It was a stunning psychological twist to an already lurid trial.
Tylar Marie Witt, testifying Wednesday against her former teen lover in the murder of her mother, said she was occupied by three personalities as she endured a tortured relationship with mother, Joanne M. Witt, and later plotted her killing.
She said there was Tylar herself, then an unsettled 14-year-old girl, and "Alex," her inner angel, and "Toby," a demon from hell who lurked "inside me."
"Three souls crowded in one body," Witt testified.
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Composed and articulate, Witt testified in detail about her emotional condition and about the night she summoned Steven Paul Colver, then 19, to her gated El Dorado Hills home to kill her mother as she slept.
She faced Colver from the witness stand in a Placerville courtroom and described him stabbing her mother to death on June 12, 2009, as Tylar hovered just outside the door, so scared she said, "I put my hands on my ears, closed my eyes and hummed."
The riveting, daylong testimony by Witt, now 16, stoked both prosecution and defense theories of the murder of Joanne Witt, 47, who was attacked after she had handed over her daughter's diary to police as part of a statutory rape complaint against Colver.
Prosecutor Lisette Suder, who called Tylar Witt to the stand, contends Colver stabbed Joanne Witt at least 20 times and killed her with a gaping slash to the neck.
Defense attorney Dain Weiner, who pointedly cross-examined Witt about her psychological state and her hatred of her mother, says it was the girl – not Colver – who committed the murder.
In barbed questioning, Weiner suggested Joanne Witt was killed during a psychological "blackout" by the girl when her "demon" personality, "Toby," took over.
"The truth is it was you who killed your mother," Weiner declared.
"No," the girl answered.
Colver, now 21, faces 25 years to life if convicted of first-degree murder. Witt has pleaded guilty to second-degree murder in a deal that could make her eligible for parole at age 29.
The girl, who once said she would kill herself rather than betray her boyfriend, provided searing testimony for the prosecution about Colver emerging from her mother's bedroom with blood on his pants and face.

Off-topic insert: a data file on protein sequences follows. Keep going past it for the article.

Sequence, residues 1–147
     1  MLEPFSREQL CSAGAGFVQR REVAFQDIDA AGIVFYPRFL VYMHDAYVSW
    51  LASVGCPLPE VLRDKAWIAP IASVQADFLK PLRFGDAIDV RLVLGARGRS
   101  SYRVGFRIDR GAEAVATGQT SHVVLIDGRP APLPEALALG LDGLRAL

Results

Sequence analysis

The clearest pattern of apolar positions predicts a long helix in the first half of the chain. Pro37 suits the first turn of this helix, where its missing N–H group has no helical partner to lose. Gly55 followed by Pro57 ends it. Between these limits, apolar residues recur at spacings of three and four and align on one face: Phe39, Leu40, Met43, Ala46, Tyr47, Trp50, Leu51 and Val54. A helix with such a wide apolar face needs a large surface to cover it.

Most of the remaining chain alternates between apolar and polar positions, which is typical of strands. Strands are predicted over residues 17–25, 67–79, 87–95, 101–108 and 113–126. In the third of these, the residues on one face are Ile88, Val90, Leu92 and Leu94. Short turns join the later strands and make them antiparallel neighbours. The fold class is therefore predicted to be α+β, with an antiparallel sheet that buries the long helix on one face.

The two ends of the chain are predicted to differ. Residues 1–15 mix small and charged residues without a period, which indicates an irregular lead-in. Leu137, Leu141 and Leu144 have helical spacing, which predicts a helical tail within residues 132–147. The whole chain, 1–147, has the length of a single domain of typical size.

Colver looked on in his black suit as Witt, in a purple juvenile hall sweatshirt, gave her account of the tumultuous events that led the knife-wielding teens up the staircase to her mother's room shortly after midnight.
She testified about her fury over her mother giving police the diary that detailed her sexual relationship with Colver. She said she told Colver hours before her mother's death that they needed to act on a "Romeo and Juliet" suicide pact. She said they also decided that Joanne Witt must die.
But she described collapsing outside her mother's bedroom as Colver went in to do the killing with a butcher knife from his restaurant job. "A knife in my hand, I turned to go into the room. I stood up and I was in the doorway. I couldn't do it. I couldn't go inside," she said.
She testified she heard her mother cry out for Colver to stop during the stabbing. She said Colver then emerged with a pant leg soaked in blood and with a "tear drop" of blood on his face.
"He was holding the knife. He was just standing there at the stairs," she said. "I told him everything was going to be OK."
A day before the killing, Witt said, she erupted in anger and panic when Joanne Witt told her she had given El Dorado County sheriff's detectives her diary.
She said it meant the end of her relationship with Colver, a young man who provided emotional support – helping her three personas cooperate so Toby "couldn't take over anymore" – as they made love and used drugs, including marijuana, cocaine and Ecstasy.
"I was in shock and then I went into a full-blown panic attack, hyperventilating, screaming, shaking," she said. "Everything was in that diary. There was no way he was going to get out of the charges."
She told of a hasty meeting at her home with Colver, nicknamed "Boston," while her mother was at work.
She said they decided they would go to San Francisco to kill themselves. "We had talked about the Romeo and Juliet scenario," Witt said. "He had said it would only be the last resort. I said it was the last resort."
Witt said the pair planned to flee on a Friday but feared they would be found before taking their lives if Joanne Witt were alive to call police about her disappearance.
"The only person who would notice me gone and call police and point a finger at Boston would be my mother," Witt testified.
Witt described a love-hate relationship with her mother that frequently led to violence – and then apologies by her mother afterward for striking her. She also admitted she threatened more than once to stab her mother with a pocketknife and that she once called police, saying she had hit her mother, to get out of the home.
Under questioning from Weiner, Tylar Witt said "Toby" often took over when emotions overwhelmed her.
"When I was stressed out, Toby would come out and she would deal with whatever was stressing me out," Witt said.
That prompted Weiner to ask whether Witt – and her three personas – had a fatalistic belief they couldn't survive without Colver.
"Toby knew if she lost Steven (Colver), she would die," Weiner began.
The girl cut him short. "We all would," she answered.